The Federal Communications Commission is continuing its scrutiny of the wireless industry, offering a fresh batch of data points to make the case that carriers need to do more to clarify their billing practices and rein in fees and overage charges.
The survey highlighted two issues that have recently found themselves in the crosshairs of the FCC. It found that a large portion of mobile subscribers were in the dark about the early termination fees (ETF) carriers charge for canceling service before a contract before it expires, and that a significant number had experienced what the agency terms “bill shock,” the unpleasant experience of opening the monthly bill to find steep overage fees for exceeding voice, text or data allotments.
“The wireless industry has achieved remarkable innovation — and mobile is increasingly essential to the daily lives of Americans,” FCC Chairman Julius Genachowski said in a statement. “But there is still more that can be done to help customers navigate what is sometimes a confusing marketplace.”
According to the survey, one in six mobile subscribers, or 30 million, said they had experienced bill shock. Of those, 84 percent said their carriers had not notified them when they were approaching the limits of their plan.
As to the termination fees, of the 54 percent of subscribers who knew they would be subject to an ETF, 43 percent said the penalty would be at least $150, while 47 percent didn’t know what the charge would be.
For the industry, the inquiry could lead the commission down a dark path, potentially resulting in regulation of the contractual terms they offer consumer and even enterprise wireless subscribers.
The survey is the latest indication of increasing scrutiny of the wireless sector at the FCC. Earlier this month, the
Then last week, the FCC approved an in-house report which, for the first time in years, did not arrive at the conclusion that there is effective competition in the industry. While the authors of the report did not recommend any specific actions for the commission to take, they hinted at the use of “policy levers” to resolve troubles in the market.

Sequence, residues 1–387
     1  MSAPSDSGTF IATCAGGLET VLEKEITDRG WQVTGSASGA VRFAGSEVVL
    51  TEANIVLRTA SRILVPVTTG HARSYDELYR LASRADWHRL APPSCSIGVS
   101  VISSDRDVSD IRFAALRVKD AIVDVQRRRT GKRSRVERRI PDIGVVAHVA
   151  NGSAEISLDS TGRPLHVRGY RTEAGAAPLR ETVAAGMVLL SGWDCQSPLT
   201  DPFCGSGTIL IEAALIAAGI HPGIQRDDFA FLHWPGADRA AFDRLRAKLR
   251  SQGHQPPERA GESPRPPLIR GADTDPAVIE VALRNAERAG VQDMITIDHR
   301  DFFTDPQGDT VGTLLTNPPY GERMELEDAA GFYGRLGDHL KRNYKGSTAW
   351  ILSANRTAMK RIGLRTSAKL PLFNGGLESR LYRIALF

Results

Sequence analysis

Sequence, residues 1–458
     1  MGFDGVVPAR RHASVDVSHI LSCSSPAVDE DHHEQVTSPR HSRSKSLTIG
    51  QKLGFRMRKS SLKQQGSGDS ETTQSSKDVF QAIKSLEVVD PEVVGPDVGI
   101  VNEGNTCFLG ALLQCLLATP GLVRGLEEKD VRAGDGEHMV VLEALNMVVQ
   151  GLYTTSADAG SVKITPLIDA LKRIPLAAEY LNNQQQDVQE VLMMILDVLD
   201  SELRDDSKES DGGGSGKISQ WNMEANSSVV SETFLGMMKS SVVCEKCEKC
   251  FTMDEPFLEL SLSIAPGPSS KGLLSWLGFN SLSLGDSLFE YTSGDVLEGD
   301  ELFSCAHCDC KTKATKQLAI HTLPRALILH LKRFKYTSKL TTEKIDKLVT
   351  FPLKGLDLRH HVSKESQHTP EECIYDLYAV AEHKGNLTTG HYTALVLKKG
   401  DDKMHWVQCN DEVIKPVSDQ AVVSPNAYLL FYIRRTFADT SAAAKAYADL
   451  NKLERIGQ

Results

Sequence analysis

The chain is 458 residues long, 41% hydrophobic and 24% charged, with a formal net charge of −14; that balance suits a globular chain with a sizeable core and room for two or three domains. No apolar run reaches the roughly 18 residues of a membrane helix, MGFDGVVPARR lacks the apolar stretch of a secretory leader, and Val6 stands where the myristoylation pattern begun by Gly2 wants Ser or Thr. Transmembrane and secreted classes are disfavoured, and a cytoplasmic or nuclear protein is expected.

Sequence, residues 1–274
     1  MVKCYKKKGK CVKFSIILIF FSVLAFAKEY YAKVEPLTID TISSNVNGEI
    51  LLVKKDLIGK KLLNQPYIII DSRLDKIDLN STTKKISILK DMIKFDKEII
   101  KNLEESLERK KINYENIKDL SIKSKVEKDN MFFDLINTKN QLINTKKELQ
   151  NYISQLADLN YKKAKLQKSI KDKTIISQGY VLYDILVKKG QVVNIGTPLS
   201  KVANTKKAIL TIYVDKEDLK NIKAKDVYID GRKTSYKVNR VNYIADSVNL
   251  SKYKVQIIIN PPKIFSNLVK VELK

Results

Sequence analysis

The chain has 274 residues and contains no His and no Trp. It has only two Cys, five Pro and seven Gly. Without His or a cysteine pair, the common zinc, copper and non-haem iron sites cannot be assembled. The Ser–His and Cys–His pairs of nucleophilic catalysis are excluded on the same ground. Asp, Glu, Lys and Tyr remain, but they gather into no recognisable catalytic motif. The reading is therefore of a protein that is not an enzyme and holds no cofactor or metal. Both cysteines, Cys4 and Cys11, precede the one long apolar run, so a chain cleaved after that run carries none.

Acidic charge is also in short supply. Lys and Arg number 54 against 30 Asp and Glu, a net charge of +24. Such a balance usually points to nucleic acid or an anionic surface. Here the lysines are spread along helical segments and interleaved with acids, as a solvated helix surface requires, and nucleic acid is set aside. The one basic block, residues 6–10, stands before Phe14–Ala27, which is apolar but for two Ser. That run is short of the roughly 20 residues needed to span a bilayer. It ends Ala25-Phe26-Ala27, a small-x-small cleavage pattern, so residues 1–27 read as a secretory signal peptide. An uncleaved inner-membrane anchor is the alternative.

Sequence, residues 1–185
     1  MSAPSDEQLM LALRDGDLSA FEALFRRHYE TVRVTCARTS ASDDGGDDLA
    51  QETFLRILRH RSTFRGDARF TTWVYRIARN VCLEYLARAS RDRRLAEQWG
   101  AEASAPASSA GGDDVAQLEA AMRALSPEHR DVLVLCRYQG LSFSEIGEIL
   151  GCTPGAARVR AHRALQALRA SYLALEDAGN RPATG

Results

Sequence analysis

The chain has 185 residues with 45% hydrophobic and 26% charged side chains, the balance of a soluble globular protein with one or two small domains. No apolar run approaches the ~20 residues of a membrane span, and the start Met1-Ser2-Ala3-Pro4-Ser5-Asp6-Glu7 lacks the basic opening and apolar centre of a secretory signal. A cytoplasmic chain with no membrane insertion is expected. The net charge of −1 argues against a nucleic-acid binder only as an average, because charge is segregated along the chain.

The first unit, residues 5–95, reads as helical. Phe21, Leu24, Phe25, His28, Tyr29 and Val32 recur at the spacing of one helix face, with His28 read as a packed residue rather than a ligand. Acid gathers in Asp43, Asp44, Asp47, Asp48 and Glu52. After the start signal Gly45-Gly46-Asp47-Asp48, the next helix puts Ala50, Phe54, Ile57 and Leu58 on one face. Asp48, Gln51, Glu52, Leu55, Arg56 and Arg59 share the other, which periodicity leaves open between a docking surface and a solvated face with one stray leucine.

For CTIA, the leading trade association representing the wireless industry, these moves collectively point to an alarming trend that augurs for greater regulation of a sector of the economy it argues has flourished under a hands-off government approach.
“I am very troubled with the current direction the FCC is taking with respect to the wireless industry — from the messaging sent last week in the Mobile Competition Report to today’s survey release,” CTIA President and CEO Steve Largent said in a statement. “It seems the commission is going to attempt to micromanage what is an incredible array of choices for consumers.”
Largent argued that the carriers he represents go out of their way to provide subscribers with notice when overage charges are piling up, and suggested the commission take a different tack if it’s worried about protecting consumers.
“If the FCC is interested in controlling ‘shock’ on consumer bills, they should address the most egregious part of consumers’ bills, which is the almost 16 percent rate of taxes and fees imposed by federal, state and local governments on wireless consumers,” he said.
Kenneth Corbin is an associate editor at InternetNews.com, the news service of Internet.com, the network for technology professionals.